The fire from a sunken Iranian tanker ship in the East China Sea has burned out, a Chinese transport ministry spokesman said Monday, although concerns remain about possible major pollution to the sea bed and surrounding waters.
The spokesman, who identified himself only by his surname, Zhao, said the fire ceased around noon. Earlier footage showed huge clouds of thick smoke rising from the oil slick that had been burning for more than a week.
Just three bodies from the tanker Sanchi's crew of 32, composed of 30 Iranians and two Bangladeshis, have been recovered.
The cause of the Jan. 6 collision between the Sanchi and the Chinese freighter CF Crystal, which happened 257 kilometers (160 miles) east of Shanghai, remains unclear. All 21 crewmembers aboard the freighter were reported safe.
Rescuers boarded the Sanchi on Saturday morning to recover two bodies, but a large explosion shook the ship around noon on Sunday and it sank within hours. High temperatures had prevented rescuers from entering the crew quarters. Another body was recovered from the water earlier last week.
The ship was carrying a type of hydrocarbon liquid known as natural gas condensate and left a 10-square-kilometer (3.8-square-mile) area contaminated with oil, according to Chinese authorities. Condensate is highly toxic but readily evaporates or burns off in a fire. If trapped underwater, however, it could seriously harm the marine environment, while the ship's fuel source also poses a major threat.
The ship's voice data recorder, which functions like a "black box" on aircraft, was reportedly recovered on Saturday, possibly helping shed light on how the collision and resulting fire occurred.
Zhao, who is deputy head of the ministry's press office, said new photos and video footage showed the fire had gone out entirely and said an investigation into the disaster would be conducted according to the "strictest international standards."
Chinese state broadcaster CCTV said rescue operations had been converted at noon to a search-and-recovery effort. Two ships were on the scene spraying foam detergents to dissolve oil remaining on the surface.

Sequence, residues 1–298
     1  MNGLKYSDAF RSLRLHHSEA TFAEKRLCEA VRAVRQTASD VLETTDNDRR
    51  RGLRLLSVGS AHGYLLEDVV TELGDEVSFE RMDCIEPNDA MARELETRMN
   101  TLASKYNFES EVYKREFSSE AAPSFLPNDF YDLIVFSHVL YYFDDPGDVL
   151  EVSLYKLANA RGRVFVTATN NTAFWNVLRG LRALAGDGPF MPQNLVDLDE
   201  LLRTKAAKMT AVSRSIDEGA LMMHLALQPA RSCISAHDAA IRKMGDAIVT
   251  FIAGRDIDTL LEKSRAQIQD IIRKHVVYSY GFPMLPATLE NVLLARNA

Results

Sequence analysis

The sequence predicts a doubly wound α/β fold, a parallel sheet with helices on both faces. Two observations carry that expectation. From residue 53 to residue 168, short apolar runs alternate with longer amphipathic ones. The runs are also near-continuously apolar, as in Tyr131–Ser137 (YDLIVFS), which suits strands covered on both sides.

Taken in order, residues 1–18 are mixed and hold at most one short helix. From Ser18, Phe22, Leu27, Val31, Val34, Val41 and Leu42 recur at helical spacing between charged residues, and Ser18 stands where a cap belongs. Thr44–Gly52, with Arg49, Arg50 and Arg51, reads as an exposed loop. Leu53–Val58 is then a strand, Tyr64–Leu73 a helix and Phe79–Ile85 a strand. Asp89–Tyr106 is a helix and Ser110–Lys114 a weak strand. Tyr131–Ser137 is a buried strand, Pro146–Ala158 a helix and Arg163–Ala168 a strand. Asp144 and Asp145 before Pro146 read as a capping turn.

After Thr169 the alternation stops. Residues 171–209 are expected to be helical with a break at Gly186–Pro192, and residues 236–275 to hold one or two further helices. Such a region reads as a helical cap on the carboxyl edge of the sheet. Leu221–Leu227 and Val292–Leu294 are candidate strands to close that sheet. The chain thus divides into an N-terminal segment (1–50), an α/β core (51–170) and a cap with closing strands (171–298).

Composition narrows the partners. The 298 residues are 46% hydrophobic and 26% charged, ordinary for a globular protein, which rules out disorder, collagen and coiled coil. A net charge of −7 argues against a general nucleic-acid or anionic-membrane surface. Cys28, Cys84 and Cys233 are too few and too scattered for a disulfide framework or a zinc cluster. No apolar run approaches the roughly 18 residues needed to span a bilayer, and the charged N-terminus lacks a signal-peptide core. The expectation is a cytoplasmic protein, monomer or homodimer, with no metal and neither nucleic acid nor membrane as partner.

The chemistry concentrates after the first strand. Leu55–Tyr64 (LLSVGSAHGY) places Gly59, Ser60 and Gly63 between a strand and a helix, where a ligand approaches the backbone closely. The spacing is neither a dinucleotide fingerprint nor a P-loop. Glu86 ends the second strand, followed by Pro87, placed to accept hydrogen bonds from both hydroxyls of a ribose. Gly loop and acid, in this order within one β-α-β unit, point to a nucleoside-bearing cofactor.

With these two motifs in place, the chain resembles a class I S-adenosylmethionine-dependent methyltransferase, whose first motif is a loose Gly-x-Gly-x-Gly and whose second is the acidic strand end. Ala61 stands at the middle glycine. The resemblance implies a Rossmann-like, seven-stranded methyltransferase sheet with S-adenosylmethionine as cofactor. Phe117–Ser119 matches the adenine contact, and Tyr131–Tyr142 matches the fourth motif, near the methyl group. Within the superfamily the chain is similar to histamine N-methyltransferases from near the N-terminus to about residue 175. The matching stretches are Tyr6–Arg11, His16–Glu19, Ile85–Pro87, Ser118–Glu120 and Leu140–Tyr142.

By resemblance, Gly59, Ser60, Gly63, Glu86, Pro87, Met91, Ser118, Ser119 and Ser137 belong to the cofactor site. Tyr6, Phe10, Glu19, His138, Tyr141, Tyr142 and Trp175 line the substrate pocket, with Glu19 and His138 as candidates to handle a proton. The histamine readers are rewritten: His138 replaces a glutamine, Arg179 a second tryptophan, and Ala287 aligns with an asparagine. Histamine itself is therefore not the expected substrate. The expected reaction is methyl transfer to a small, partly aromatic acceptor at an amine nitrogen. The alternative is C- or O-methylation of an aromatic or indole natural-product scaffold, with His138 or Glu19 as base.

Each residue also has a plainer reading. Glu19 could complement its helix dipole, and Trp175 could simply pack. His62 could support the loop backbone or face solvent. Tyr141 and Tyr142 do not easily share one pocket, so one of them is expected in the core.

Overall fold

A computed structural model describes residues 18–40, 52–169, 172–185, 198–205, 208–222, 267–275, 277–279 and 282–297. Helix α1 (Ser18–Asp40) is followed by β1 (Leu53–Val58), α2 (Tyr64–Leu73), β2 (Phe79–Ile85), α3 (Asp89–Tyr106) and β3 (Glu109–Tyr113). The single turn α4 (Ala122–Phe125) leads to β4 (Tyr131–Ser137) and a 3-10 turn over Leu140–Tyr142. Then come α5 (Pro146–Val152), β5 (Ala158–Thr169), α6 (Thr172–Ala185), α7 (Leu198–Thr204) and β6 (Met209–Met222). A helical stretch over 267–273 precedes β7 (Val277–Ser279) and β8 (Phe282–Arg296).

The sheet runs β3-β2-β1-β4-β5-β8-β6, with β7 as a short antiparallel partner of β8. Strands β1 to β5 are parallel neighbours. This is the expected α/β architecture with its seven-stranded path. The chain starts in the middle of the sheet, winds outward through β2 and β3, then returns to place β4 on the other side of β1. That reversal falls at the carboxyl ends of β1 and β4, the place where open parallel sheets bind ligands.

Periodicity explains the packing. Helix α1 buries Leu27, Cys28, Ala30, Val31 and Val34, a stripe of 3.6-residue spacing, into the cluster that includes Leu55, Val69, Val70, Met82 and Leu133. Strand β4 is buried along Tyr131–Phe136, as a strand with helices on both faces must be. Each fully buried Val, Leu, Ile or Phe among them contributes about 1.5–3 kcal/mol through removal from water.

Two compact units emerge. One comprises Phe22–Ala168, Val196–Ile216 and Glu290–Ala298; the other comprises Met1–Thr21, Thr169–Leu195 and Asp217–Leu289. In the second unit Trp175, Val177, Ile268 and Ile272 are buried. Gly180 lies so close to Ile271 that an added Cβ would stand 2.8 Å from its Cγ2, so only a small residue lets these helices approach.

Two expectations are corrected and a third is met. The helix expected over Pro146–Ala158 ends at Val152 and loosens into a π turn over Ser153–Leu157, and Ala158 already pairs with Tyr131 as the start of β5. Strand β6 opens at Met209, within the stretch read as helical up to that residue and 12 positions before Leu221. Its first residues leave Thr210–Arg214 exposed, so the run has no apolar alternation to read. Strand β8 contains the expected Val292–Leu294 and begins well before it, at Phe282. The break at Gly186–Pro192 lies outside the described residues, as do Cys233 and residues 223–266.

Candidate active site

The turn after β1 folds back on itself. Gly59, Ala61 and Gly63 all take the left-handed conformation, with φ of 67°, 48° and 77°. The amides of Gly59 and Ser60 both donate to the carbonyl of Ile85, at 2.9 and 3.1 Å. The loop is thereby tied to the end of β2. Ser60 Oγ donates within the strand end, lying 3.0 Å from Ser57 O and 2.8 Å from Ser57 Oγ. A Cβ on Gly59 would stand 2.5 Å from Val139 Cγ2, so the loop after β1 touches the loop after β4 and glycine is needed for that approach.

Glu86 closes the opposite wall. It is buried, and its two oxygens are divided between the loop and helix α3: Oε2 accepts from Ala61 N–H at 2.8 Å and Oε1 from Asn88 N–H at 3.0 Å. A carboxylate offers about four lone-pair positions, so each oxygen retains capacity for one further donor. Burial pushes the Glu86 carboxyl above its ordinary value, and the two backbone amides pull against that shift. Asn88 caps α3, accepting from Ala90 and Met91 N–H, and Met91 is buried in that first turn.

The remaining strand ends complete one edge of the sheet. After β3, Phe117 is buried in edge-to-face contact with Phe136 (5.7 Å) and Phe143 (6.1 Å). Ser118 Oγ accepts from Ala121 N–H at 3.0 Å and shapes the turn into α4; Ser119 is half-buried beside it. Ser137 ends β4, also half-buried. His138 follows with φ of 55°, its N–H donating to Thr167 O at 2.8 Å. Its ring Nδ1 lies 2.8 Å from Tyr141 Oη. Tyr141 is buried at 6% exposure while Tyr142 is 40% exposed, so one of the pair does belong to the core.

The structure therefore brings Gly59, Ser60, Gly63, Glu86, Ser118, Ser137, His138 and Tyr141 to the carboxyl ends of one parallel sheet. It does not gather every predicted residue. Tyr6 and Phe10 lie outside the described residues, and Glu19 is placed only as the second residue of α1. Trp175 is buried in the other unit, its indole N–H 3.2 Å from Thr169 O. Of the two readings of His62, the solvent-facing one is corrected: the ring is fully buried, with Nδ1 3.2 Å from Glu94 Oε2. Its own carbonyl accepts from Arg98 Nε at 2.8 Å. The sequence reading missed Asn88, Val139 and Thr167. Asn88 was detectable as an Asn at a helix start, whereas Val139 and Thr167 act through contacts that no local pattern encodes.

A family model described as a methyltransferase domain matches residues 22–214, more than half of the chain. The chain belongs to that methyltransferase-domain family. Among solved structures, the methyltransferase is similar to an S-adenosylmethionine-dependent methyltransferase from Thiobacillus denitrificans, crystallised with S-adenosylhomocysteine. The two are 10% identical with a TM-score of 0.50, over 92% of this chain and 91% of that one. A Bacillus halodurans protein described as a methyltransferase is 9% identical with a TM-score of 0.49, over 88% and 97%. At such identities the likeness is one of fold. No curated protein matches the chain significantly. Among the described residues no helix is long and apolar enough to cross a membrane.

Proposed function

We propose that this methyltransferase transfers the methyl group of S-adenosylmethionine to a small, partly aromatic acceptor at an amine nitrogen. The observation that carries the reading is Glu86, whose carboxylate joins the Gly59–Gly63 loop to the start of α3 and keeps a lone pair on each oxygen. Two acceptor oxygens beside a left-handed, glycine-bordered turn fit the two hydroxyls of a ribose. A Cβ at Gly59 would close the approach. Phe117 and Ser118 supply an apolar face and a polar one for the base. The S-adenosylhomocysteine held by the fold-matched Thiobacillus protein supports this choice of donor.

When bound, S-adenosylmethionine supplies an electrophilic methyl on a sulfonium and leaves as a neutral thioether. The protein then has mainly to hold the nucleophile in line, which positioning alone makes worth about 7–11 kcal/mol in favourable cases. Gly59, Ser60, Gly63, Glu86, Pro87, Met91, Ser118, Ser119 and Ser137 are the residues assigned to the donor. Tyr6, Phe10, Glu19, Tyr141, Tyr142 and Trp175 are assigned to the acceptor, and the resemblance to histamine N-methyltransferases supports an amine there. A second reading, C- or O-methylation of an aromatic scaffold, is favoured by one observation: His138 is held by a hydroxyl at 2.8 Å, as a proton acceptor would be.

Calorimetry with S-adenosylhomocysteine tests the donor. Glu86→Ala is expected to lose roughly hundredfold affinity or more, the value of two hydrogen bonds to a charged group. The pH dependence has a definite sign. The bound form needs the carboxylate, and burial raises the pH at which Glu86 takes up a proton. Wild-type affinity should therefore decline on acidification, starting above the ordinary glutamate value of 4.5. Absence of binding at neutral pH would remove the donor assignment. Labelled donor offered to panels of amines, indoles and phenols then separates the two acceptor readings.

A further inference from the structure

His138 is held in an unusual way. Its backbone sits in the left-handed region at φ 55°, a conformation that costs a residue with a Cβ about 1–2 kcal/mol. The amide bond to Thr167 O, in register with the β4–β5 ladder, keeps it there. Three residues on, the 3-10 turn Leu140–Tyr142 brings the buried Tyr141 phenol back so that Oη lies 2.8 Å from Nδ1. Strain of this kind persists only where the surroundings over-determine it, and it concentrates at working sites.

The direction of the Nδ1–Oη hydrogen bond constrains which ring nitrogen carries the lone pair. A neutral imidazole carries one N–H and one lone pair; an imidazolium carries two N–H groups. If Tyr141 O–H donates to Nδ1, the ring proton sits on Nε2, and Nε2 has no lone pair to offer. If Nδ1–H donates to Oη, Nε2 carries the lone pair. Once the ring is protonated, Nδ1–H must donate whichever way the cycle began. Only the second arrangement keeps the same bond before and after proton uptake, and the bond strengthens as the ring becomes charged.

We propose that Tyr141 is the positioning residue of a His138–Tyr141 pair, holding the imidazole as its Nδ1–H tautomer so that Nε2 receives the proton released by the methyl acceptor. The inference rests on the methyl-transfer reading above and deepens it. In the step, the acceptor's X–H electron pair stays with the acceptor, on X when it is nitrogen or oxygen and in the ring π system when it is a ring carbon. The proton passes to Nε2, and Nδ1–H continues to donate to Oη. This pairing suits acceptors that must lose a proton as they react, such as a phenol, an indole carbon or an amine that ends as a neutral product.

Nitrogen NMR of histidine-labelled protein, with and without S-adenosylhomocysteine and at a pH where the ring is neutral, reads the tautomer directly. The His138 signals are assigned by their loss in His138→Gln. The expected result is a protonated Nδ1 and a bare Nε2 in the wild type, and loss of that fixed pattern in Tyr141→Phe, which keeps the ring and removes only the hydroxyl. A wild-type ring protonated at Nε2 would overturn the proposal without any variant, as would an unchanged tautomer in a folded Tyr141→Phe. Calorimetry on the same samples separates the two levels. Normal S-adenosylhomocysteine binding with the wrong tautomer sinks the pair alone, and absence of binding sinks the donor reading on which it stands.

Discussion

Ma Jun, director of the private Institute of Public and Environmental Affairs in Beijing, said the degree of environmental damage caused by the disaster depends on how much fuel was left in the tanker and the direction of winds and currents.
"The key issue is how much exactly the condensate oil has been left after all the burning and explosion, and how much of that sank together to the bottom of the sea," Ma said. "We need to keep an eye to prevent (toxins) being transferred to the fishing ground."
The disaster has transfixed an Iran still reeling from days of protests and unrest that swept the country at the start of the year.
Families of the sailors wept and screamed at the headquarters of the National Iranian Tanker Co. in Tehran, the company that owns the Sanchi. Some needed to be taken by ambulance to nearby hospitals as they were so overwhelmed by the news.
State TV earlier quoted Mahmoud Rastad, the chief of Iran's maritime agency, as saying: "There is no hope of finding survivors among the (missing) 29 members of the crew."
Iranian President Hassan Rouhani and Supreme Leader Ayatollah Ali Khamenei both expressed their condolences, with Rouhani calling on relevant government agencies to investigate the tragedy and take any necessary legal measures. The government also announced Monday as a nationwide day of public mourning over the disaster.
Chinese officials blamed poor weather for complicating their rescue efforts. Thirteen ships, including one from South Korea and two from Japan, had joined in the rescue and cleanup effort.
The Panamanian-flagged, 85,462-ton tanker has operated under five different names since it was built in 2008, according to the U.N.-run International Maritime Organization and the industry website Maritime Traffic.
It's the second collision for a ship from the National Iranian Tanker Co. in less than a year and a half. In August 2016, one of its tankers collided with a Swiss container ship in the Singapore Strait, damaging both ships but causing no injuries or oil spill.